Every week, every month the prices of all our raw materials continue to rise. Resin, steel, glass, hardware, composite door slabs. You name it, they’re all going up, as is the cost of transport and labour. Oil is at a six-year high. Steel is going to the moon in an almost vertical fashion. Iron ore is at record highs. All the things we need to make what we sell and install are going upwards with no sign of letting up.
But at some point, they will begin to level off, and perhaps fall back. If and when that happens, will prices at the consumer level begin to fall back? Should they return to pre-pandemic levels?
When will prices stabilise?
Each time we ask that question the answer seems to get pushed back further and further. Some say when furlough ends in September. I think that’s a bit premature, even if there is a spike in the unemployment rate. Some say in Q1 or Q2 of 2022. One systems company believes we could be at the start of a three-year cycle of higher demand for home improvements.
If we find it is the latter, then we can expect prices to keep rising, then perhaps level off at those highs for a while. The reason why prices for pretty much everything is rising so high and so fast right now is down to supply and demand. The general public, both in the UK and around the world are spending freely. After limited activity for a year and a half, with Government support and loans added in, there is a lot of disposable income to spend right now.
Consider also that globally there are parts of the world still to open up. It’s easy to forget that places like Malaysia, the Philippines, South Africa, South America and others are still dealing with very high case numbers and sadly deaths. But as other parts of the world eventually open up, their economies will also start to cause a further drain on global raw material resources.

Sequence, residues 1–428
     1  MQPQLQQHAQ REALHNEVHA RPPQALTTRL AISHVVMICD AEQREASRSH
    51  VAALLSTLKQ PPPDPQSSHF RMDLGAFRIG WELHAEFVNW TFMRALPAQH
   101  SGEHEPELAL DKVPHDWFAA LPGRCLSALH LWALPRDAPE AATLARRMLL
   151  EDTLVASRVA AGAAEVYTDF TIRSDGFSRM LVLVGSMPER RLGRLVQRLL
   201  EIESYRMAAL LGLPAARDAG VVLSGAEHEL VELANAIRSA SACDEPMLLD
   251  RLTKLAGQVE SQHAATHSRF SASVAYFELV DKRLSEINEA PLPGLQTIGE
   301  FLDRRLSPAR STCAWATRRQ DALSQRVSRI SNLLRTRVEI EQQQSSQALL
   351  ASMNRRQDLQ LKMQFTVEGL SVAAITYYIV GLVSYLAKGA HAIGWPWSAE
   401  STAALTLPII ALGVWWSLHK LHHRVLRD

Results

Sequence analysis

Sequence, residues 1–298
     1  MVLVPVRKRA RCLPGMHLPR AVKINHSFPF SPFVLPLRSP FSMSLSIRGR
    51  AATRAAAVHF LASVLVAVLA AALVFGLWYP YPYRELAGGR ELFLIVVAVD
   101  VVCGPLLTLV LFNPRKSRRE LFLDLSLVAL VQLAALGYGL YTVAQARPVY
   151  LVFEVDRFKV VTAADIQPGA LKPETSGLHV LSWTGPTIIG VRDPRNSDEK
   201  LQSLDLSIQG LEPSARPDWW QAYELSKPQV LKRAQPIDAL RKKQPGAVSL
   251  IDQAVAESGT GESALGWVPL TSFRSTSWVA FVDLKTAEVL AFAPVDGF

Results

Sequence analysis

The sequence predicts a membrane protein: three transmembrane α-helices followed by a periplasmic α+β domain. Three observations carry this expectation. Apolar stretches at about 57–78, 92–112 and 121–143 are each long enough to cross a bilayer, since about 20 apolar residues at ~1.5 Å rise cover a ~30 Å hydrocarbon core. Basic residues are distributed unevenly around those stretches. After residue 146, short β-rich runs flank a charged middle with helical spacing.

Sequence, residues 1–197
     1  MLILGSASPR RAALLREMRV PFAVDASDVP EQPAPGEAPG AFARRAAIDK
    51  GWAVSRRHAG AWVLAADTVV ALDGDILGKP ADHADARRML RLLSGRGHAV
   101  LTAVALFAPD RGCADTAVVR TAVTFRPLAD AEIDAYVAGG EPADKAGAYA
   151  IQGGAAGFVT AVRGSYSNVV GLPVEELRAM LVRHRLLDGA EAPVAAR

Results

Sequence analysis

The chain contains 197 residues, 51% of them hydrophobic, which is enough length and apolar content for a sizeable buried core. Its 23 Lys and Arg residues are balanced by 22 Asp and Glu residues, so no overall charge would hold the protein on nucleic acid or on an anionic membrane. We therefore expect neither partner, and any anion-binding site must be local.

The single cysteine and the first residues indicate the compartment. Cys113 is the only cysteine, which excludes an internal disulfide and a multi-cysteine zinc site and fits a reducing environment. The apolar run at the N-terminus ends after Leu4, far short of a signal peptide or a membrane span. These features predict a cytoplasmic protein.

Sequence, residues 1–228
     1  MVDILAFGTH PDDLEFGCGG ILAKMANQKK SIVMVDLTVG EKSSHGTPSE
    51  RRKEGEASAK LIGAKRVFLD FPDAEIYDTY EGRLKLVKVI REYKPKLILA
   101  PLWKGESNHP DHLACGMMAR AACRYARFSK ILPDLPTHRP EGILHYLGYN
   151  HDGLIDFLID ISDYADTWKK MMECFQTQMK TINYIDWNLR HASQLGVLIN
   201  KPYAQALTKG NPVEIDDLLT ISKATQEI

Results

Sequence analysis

The point at which prices will become more stable and stop rising will only happen when the public both here and in other parts of the world slow down their spending. Right now, there is no sign that this is about to happen. Indeed, in the home improvement sector, including fenestration, the naturally busy summer months are only going to bring further spending. In the longer term, I think we should start to see demand becoming more stable somewhere in mid-2022. That would equate to two years of high levels of spending from the end of the first lockdown in May 2020.
Installers would be the first to see any kind of drop in spending levels from the public. That would then filter up to fabricators a few weeks later, then systems companies a few weeks after that. It means that whilst installers will be the first to see any sort of change in trends, the effects it has on the price of raw materials wouldn’t be seen immediately.
That then begs the question: will prices come back down?
Up for good?
It has become clear that the public can stomach buying new windows and doors at these higher prices. The argument that consumers won’t tolerate rising prices is dead and buried.
For years, our industry has debated within itself that prices needed to rise as we had held their natural inflation back by keeping prices artificially low through poor quality sales methods. Well, now we have those higher prices, albeit way faster and immediate than we could have predicted. But they are here and homeowners seem willing and able to purchase at these higher prices.
That leads me to believe that there is not a chance in hell prices will come back down. Why would they? Companies up and down the supply chain are able to sell at higher prices, hopefully commanding a healthier margin than in the last few years. Who would give that up?
I do not foresee suppliers giving up their surcharges so readily. Whilst they might roll them back and “cancel” them, it’s perfectly reasonable to expect them to compensate that and their base prices will go up. Giving with one hand, taking with the other. But again, if we are passing these higher prices to end-users and they are willing to buy at these higher prices, why reduce them?
One or two companies might turn to dropping prices as a USP once things settle down, but I suspect that many of us will be reluctant to roll back those increases. We are now at a price point we should have been a while ago. Hopefully, we will learn to sell based on quality and service, therefore being able to command a better price with a healthier profit margin. We need to use this as an opportunity not to slip back into our old ways of selling on price only and driving costs back down again.
For me, prices are up for good.
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